We are creating a database to update the madrone distribution map and learn more about the health condition of the species throughout its range.
For details about the data and representative photos to help you complete the survey, download the Pacific Madrone Assessment Guidebook, then complete the survey using one of the methods below.
We are primarily collecting data using the TreeSnap smartphone app. However, two other methods to contribute are listed below.
Instructions: Youtube video on how to use TreeSnap (~5 minutes).
Other ways to share observations
Pacific Madrone Research
Welcome to the WSU Pacific Madrone Research webpage!
The purpose of this webpage is to highlight the aim of our madrone research, describe our ongoing projects, and share important information for conserving the Pacific madrone.
We also invite you to participate in our research by joining the Arbutus ARME and subscribing to our newsletter. More information is available below, but feel free to contact us if you have any additional questions.
Madrone (arbutus, madrona or madroño) is an important tree in the Pacific Northwest because of its cultural and ecological value. For example, madrone is an important part of our cultural heritage because the berries were used widely as a food source or even as bait for steelhead fishing. Ecologically, Pacific madrone is an important pioneer species and its tolerance to salt water allows it to occupy many areas that would erode otherwise. Click here to learn more about Pacific madrone.
Madrone is a keystone species of the Pacific Northwest. Current populations range from the coast of central California into southern British Columbia. However, the distribution of Pacific madrone is expected to shift with changes in climate. Click here for more information about the distribution. Additional information about some of the region’s Champion Trees is also available here.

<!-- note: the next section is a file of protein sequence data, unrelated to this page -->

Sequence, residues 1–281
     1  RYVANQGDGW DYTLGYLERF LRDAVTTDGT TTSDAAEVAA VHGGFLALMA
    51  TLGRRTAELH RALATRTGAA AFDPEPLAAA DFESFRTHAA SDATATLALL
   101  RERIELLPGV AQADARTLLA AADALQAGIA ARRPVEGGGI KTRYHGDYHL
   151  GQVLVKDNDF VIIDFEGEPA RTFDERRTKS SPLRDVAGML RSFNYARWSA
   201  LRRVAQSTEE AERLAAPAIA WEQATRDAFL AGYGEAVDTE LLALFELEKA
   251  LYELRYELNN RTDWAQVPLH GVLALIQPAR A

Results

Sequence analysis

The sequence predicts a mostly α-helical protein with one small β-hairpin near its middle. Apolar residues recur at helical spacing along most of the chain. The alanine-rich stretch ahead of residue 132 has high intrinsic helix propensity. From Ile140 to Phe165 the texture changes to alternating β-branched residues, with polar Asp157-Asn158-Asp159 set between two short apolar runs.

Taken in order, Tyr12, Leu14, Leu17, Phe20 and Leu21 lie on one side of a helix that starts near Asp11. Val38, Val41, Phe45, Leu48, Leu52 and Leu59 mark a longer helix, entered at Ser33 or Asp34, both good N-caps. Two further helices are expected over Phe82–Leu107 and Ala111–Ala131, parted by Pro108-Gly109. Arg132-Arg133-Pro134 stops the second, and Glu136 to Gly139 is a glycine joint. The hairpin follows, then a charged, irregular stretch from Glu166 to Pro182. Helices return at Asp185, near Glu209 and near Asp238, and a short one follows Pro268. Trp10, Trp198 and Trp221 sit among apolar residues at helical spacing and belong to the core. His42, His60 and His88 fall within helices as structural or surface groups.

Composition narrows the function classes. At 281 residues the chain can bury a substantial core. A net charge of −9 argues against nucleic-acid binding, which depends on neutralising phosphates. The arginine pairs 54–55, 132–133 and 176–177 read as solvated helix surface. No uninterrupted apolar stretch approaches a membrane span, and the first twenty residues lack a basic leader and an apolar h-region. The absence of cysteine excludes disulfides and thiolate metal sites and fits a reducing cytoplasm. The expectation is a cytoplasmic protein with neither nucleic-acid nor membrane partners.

Research is critical to advance knowledge and conserve the madrone in the Pacific Northwest. Populations of this keystone species are already under threat from changes in the climate and pests and diseases. For example, madrone leaf blight is a major disease affecting madrone in western Washington and Oregon. In this regard, identifying populations that are most tolerant to leaf blight is a priority for our research program.
One of the primary aims of our program is to promote the health and sustainability of Pacific madrone. There are two ongoing studies designed to help accomplish this aim:
Madrone trees from various seed sources, collected throughout its range, were planted at sites ranging from California to British Columbia. These ‘Common Gardens’ are monitored annually to identify the genotypes best suited for each region. More information about the study is available here.
Pacific Madrone Survey – We need your help!
You’re invited to join the Arbutus ARME and contribute to research about the range and health conditions of Pacific madrone! These data will be valuable for identifying vigorous trees with resistance to leaf blight in wild populations and monitoring for the emergence of novel threats, such as new pests and diseases. Anyone is welcome to participate.
Additional resources and research outcomes of our program are available here.
The Arbutus ARME is a ‘citizen science‘ program that was established through a partnership between WSU and Seattle Parks and Recreation in 2019.
Contribute to Research!
You can contribute to research to advance knowledge and help conserve the Pacific madrone.
Join the Arbutus ARME
Contact us for more information, research updates, or to learn about the opportunities to contribute.
“The Council Madrone was located upslope from the Mattole River in Humboldt County, California. In this photo are Dr. Frank A. Lang and Frank Callahan (w/o the sunglasses) along with Frank L.’s dog. This tree’s last measurements before its demise during a wet snow event are given as follows: 13′ DBH Height 100′ and 115′ crown spread. In short the Council Madrone has about twice the wood volume as Washington’s Port Angeles tree.
The largest Pacific madrone that I have ever encountered was a tree that was 14′ DBH growing on Cleveland Ridge, Jackson County, Oregon and was in decline and cut for firewood – the tree (from memory) branched ca. 25′ above the ground into multiple very large trunks. The woodcutters remarked “the tree yielded over 14 cords of wood”. I think the tree was ca. 125′ tall – at the time of its demise. Of interest, this madrone did not have basal sprouts, and the center was hollow exhibiting ca. 4′ x 5′ cavity. We were unable to determine the age of the tree but suspect it was in the 800 year range – as you may know madrone rings are very difficult to count.”
Photo and information about the tree courtesy of Frank Callahan.